How to Avoid Hitting a Deer and Damaging Your Windshield


At Glass.com, we’ve heard some bizarre stories of animals breaking windshields. From turkeys to turtles, owls and ponies, animals—even small critters—can do major damage. Damage most commonly comes from deer though,  which are prevalent throughout North America. A full-grown adult deer can weigh up to 300 pounds, which can cause enough damage to total a vehicle and even kill occupants. Male deer, called bucks, typically have antlers, and can do even more damage than female deer, also known as does.

large-mule-deer-buck

Last year, deer caused over 1.5 million accidents, accounting for nearly 80% of all animal-related accidents. For perspective, there are approximately 6 million total car accidents every year, meaning that deer account for a whopping 25%, or one out of every 4 accidents that occur.

Although deer are out roaming all year long, there is one particular part of the year when they become more active, which means the chances of hitting one are greater. This time of year, referred to as the rut, is a deer’s mating season. The season typically begins near the end of October and runs about five weeks. During the rut, bucks are on the move chasing does. For drivers, this means that deer may run out onto the road suddenly. Hunting seasons around the country can run from September through January though, a time when deer are still active, but not at their peak.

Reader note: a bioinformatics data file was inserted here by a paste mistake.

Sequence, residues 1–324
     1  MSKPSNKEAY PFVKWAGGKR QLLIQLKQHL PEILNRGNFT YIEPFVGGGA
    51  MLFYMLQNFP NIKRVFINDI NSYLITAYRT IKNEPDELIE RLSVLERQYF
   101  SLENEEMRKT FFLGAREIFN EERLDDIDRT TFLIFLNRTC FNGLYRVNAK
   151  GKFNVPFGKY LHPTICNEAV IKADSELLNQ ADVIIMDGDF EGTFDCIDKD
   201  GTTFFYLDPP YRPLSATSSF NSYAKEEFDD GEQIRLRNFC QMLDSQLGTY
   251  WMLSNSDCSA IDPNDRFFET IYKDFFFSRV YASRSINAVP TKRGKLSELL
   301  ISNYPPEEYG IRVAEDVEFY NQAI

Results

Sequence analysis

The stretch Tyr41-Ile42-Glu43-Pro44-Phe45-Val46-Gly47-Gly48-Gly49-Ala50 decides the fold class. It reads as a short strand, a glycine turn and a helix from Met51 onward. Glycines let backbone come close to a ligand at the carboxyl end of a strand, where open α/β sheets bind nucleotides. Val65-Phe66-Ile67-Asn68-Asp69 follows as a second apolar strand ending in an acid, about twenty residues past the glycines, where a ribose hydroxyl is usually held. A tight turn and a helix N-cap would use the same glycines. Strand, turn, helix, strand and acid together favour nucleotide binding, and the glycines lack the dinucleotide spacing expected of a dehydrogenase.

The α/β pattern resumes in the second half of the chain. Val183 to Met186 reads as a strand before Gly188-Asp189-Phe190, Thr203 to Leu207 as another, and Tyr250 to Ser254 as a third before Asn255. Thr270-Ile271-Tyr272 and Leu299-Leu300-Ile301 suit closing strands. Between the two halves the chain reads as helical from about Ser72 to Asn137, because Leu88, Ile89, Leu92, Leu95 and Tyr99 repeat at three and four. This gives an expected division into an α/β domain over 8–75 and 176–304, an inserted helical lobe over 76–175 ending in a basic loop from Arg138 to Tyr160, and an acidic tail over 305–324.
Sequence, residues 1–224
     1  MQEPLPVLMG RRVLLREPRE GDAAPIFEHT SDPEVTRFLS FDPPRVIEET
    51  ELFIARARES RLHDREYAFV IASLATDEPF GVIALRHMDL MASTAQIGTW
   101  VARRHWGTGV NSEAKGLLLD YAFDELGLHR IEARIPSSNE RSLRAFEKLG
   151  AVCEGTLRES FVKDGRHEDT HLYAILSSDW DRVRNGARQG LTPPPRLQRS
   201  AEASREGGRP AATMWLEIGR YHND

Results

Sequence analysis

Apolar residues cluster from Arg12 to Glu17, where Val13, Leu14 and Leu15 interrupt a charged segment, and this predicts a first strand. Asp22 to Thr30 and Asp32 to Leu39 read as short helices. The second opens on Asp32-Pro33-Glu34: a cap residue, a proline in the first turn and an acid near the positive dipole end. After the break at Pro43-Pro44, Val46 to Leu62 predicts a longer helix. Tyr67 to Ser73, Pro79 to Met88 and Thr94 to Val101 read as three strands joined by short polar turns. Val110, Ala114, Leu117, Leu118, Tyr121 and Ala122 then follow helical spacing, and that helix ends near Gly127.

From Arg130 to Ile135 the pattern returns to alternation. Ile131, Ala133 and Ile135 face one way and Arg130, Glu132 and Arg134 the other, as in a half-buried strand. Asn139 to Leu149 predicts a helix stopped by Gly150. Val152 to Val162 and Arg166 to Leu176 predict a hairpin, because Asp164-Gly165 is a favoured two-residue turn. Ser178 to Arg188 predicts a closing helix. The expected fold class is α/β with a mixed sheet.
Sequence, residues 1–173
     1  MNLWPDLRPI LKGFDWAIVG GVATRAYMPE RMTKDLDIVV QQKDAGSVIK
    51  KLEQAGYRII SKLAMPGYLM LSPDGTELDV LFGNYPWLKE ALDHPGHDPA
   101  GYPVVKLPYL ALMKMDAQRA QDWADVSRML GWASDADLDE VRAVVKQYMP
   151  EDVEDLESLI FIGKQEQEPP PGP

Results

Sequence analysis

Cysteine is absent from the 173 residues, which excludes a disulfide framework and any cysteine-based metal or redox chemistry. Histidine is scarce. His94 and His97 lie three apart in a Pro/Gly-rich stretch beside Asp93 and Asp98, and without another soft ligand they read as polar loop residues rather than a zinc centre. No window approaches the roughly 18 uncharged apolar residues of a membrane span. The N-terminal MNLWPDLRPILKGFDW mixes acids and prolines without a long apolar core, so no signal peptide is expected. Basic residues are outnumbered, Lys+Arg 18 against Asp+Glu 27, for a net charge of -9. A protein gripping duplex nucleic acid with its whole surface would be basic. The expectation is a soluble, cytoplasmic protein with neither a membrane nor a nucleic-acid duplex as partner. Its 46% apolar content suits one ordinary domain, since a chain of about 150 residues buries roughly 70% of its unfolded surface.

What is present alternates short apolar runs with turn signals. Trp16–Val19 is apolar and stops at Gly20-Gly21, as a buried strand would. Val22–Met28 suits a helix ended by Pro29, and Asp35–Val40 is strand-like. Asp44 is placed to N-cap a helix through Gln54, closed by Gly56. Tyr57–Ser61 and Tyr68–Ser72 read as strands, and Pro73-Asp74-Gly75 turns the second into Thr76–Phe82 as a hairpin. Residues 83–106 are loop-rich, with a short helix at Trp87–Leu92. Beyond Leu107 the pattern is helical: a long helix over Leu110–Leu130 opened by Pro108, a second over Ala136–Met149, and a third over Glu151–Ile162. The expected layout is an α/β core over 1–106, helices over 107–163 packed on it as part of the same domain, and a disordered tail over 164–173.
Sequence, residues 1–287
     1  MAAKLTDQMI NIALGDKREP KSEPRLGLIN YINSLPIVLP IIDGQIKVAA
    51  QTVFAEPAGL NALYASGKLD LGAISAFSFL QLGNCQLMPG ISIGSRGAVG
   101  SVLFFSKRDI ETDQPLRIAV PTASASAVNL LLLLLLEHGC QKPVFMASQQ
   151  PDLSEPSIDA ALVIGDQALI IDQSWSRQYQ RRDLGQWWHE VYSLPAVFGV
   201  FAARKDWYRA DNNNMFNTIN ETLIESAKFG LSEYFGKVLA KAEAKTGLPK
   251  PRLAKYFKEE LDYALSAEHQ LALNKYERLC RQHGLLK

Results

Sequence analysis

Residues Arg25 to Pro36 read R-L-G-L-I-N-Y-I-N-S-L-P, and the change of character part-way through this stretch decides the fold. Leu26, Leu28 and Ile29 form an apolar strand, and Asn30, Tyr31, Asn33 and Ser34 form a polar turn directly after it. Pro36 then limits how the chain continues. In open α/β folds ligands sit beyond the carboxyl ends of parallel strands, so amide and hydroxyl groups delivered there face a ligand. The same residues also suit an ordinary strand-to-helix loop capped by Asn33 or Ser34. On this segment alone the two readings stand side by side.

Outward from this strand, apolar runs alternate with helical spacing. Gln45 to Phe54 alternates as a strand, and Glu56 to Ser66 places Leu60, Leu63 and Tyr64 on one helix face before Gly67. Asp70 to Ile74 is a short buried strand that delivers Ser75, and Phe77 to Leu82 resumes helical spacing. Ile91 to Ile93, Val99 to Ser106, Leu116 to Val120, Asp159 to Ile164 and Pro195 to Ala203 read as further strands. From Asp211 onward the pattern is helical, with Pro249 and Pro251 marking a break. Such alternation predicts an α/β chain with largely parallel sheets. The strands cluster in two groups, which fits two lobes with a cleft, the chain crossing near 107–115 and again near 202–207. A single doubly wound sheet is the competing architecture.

deer-in-rut

So how can you as the driver avoid having your windshield destroyed by a deer? Here’s a few helpful tips and tricks to keep you safe:

  1. Be vigilant in scanning both sides of the road while driving. Sometimes deer will sprint out from the woods, but typically they’ll pause first. Be sure to scan the opposite side of the road, not just the side you’re on. Deer move quickly.
  2. Take deer crossing areas seriously. The signs are placed there for good reason.
  3. Don’t assume that deer are only present on country backroads. Deer are regularly hit on highways and in subdivisions too.
  4. Where there’s one, there are usually more. Deer typically travel in small groups so if you see one crossing a road, be on the lookout for more to follow.
  5. Use your high beam lights at night when there isn’t oncoming traffic. Seeing further down the road gives you more time to respond to hazards.

What should you do if you can’t avoid hitting the deer?

Even the safest, most cautious drivers can’t avoid every accident. If a deer is in the middle of the road at night when you come around a blind curve, chances are you will not have enough time to react and impact is inevitable. So what’s the “safest” way to hit a deer?

The first key is to avoid evasive maneuvers that risk losing control of the vehicle. Never swerve into oncoming traffic, which puts yours and other’s lives in danger. Also, don’t leave the roadway. You could end up hitting a tree or telephone pole. Unless you can safely maneuver around the deer in a controlled manner without leaving the roadway or driving into oncoming traffic, the best course of action is to apply firm braking pressure and bring the vehicle to a quick but controlled stop—even if this means hitting the deer.

deer-crossing-road

What should you do if you hit a deer while driving?

  1. If possible, pull the car over to a safe place off of the road and turn on the hazard lights to indicate other drivers should use caution.
  2. If you or anyone else was injured, call 911 and wait for paramedics to arrive.